Two WITS University innovators may have hit a bump in the road towards commercialising their novel process for the recovery of platinum group metals from used car catalytic converters, but they are not giving up.
The platinum recovery process they have developed employs unique process conditions, reagents and methodologies. Moreover, it has achieved recovery rates in excess of 95% for platinum and palladium, with a significantly lower environmental footprint when compared to other auto catalyst platinum group metals recovery processes.
Funding remains the biggest challenge in establishing their platinum recycling operation which would provide a cost effective and locally-based solution for the recovery of platinum group metals from the expired catalytic converters of used cars.
The dynamic duo, Collins Saguru and Muofhe Singo, both Wits University MSc graduates, have ventured into the distribution of lab equipment and consumables to help generate income to bootstrap their business, AltMet. However, the Coronavirus pandemic has put a spanner in the works.
Despite the challenges, the pair intends to also grow AltMet’s lab equipment division to a point where it is servicing all the local and regional universities, and they are building an online platform that will allow for trading of secondhand industrial equipment to address the needs of small and medium sized manufacturing companies.
AltMet was founded based on Collins’ MSc research which dealt with recycling platinum group metals from used catalytic converters. These contain three platinum group metals in small quantities which serve as catalysts to reduce the amount of toxic gases produced from burning petrol and diesel in the engines. When these exhaust components reach their end of service life, there is an opportunity to recover the precious metals.
Collins explains that existing recovery technologies generally employ high temperature processes to recover the previous metals by melting the entire converter, at temperatures in excess of 1700oC.
“These processes are only economical in energy subsidised regions of the world like Europe where there are also sufficient volumes of autocatalytic converters. This is the reason why most collected converters are exported to different regions in Europe.
“However, in energy scarce South Africa, which doesn’t have strict vehicle scrapping guidelines, adopting the same high temperature technologies is uneconomical. Under the stewardship of Professor Sehliselo Ndlovu from the Wits School of Chemical and Metallurgical Engineering, I developed a more economical and resource efficient solution that could be used in the country on a small scale.”
AltMet was incorporated in October 2017 by Collins and Muofhe as a vehicle to commercialise the process. They worked closely with Tumi Ngqondo, an Innovation Support Manager at WITS Commercial Enterprise who provided business advice and helped them secure Seed Funding to develop a small-scale plant. They are currently finalising an agreement with WITS Enterprise which will give their company full rights to the process IP.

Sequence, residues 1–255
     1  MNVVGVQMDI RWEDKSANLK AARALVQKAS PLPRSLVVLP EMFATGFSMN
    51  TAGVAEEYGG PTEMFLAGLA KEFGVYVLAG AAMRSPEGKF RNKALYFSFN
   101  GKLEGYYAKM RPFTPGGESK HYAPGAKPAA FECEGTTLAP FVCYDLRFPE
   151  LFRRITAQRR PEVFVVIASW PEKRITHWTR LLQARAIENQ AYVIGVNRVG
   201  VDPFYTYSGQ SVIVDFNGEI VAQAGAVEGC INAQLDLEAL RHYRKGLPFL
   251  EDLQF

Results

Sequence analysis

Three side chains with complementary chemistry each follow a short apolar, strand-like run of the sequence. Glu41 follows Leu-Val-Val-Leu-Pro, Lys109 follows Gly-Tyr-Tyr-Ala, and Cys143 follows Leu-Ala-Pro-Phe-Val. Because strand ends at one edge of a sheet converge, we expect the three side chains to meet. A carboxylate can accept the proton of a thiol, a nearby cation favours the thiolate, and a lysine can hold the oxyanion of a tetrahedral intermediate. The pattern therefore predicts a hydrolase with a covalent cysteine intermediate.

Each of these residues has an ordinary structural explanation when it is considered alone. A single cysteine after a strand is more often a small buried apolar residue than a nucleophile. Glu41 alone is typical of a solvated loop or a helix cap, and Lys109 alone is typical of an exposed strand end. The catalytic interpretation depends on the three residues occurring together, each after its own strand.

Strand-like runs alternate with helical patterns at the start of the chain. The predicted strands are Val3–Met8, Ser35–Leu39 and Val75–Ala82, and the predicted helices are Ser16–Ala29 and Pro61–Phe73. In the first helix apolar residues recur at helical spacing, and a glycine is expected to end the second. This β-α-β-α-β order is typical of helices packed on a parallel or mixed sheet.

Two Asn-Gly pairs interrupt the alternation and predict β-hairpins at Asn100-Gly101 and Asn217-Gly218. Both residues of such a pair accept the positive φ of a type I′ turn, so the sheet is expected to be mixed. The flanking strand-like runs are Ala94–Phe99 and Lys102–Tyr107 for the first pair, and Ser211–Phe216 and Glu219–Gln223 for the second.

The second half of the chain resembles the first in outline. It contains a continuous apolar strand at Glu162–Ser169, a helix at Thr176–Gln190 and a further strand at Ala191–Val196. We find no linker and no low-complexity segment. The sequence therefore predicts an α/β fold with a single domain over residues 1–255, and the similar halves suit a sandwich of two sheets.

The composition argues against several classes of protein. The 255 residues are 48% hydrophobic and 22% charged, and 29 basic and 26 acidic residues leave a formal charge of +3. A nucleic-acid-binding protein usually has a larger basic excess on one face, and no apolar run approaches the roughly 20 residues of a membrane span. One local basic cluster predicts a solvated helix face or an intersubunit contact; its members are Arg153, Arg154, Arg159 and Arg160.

“To the best of our knowledge, the smaller scale companies currently involved in this industry are in the business of trading waste converters, purchasing locally and exporting to the bigger global companies that have the capacity to process it using the high energy processes. A few of the big platinum companies are also involved in catalytic converter processing, some of them with processing plants outside of South Africa,” says Collins.
The lab consumables business was started in July 2018 after they had secured their first round of grant funding. Initially it wasn’t meant to be a standalone division but it took off.
“We needed to buy equipment so that we could run some more scaled-up tests on the process we were developing. The university doesn’t have the reactors that we required to run these scaled up tests, so we had to import them. When we brought them in to the University, some of the lecturers and scholars immediately took a liking to this equipment because it answered a need for the equipment in the University.
“We saw a major gap, being that the chemistry and chemical engineering departments faced significant challenges with sourcing quality equipment for piloting most of their (or our) developed innovations. We postulated that this may be one of the reasons why research sometimes doesn’t make it to commercialisation, because there simply isn’t equipment available to scale it up and test innovations at a larger scale.
“Consequently, we decided to establish a business for trading laboratory equipment, and later on we started selling laboratory glassware, plasticware and consumables. We have delivered equipment locally and regionally. We have also engaged customers from regional universities like the University of Namibia. All of these efforts were prompted by our own need to access affordable equipment to pilot our process. Now, we are making it easier for other startups to access affordable equipment for setting up their small-scale manufacturing businesses, as well as assisting universities to access affordable equipment for piloting their technologies.”
While the COVID-19 crisis has almost incapacitated AltMet’s lab equipment business, Collin and Muofhe are trying to unlock working capital to allow them to import personal protective equipment and other consumables for the local market.
“Although we established the lab equipment and consumables trading division in order to generate cash flow whilst we raise funding for the platinum recycling business, we are fully invested in it. We want to keep it afloat and grow it into the future. It is amongst the many strategies we are pursuing to fund our platinum recycling plant. That is the ultimate prize,” concludes Collin.
For more information visit: http://www.altmet.co.za